Thursday, June 10, 2004


Darrell Bock has beaten Ben Witherington to the punch by being the first to release a book deflating Dan Brown's The Da Vinci Code (books debunking Brown are a good thing). The folks over at The Leadership Journal interview Bock about it:
The Da Vinci Code has been at the top of the New York Times bestseller list for weeks. Why is it so popular?

It's well written and kind of romantic. It's set in Paris and Edinburgh. There's mystery; there's the invoking of secret Gospels, which suggest that the book is revealing knowledge that has been suppressed.

He is working with elements of scholarship that have popularized some of the ideas surrounding the secret Gospels. This is an attempt to de-center the role of the Bible by suggesting there are other texts that say different things.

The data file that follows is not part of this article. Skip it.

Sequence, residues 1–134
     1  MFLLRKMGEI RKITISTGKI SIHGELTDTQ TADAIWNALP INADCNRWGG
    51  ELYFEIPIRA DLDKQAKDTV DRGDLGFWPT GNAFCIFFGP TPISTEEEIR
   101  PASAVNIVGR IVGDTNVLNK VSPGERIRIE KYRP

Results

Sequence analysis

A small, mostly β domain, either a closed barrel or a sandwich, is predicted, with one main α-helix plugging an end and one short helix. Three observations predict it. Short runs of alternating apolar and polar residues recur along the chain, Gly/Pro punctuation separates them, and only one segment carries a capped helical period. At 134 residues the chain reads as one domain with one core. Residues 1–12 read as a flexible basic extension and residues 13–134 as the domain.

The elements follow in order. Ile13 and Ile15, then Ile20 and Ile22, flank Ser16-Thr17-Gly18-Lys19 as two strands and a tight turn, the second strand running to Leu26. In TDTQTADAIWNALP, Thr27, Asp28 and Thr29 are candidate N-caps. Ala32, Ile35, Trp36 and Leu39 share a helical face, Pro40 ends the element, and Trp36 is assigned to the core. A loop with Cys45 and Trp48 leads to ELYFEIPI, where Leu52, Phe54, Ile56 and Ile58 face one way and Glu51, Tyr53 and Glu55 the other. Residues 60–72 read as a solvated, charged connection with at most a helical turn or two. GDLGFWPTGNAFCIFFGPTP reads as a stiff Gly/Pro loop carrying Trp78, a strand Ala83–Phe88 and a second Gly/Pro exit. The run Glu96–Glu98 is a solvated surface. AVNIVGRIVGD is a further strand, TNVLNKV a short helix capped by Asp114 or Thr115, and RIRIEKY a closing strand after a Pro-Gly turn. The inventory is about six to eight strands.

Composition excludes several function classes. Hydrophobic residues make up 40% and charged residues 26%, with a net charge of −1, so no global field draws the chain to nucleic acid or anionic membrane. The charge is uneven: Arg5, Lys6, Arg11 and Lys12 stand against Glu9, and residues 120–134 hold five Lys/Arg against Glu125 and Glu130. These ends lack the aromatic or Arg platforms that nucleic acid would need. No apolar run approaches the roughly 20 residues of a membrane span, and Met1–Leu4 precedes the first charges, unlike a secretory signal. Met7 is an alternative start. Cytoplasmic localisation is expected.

It's a novel! Will readers take those ideas as fact?

Basically yes. The real problem is that he's writing about areas that people don't know much about. The author suggests that he's researched it carefully, and you tend to trust him.
And that's why Brown can't simply be dismissed. He's positioned himself as an expert on the "real" Biblical history while providing cover when he needs it by claiming simply to be a novelist. It's good to see folks fighting back. Piling on, in this case, is also a good thing.

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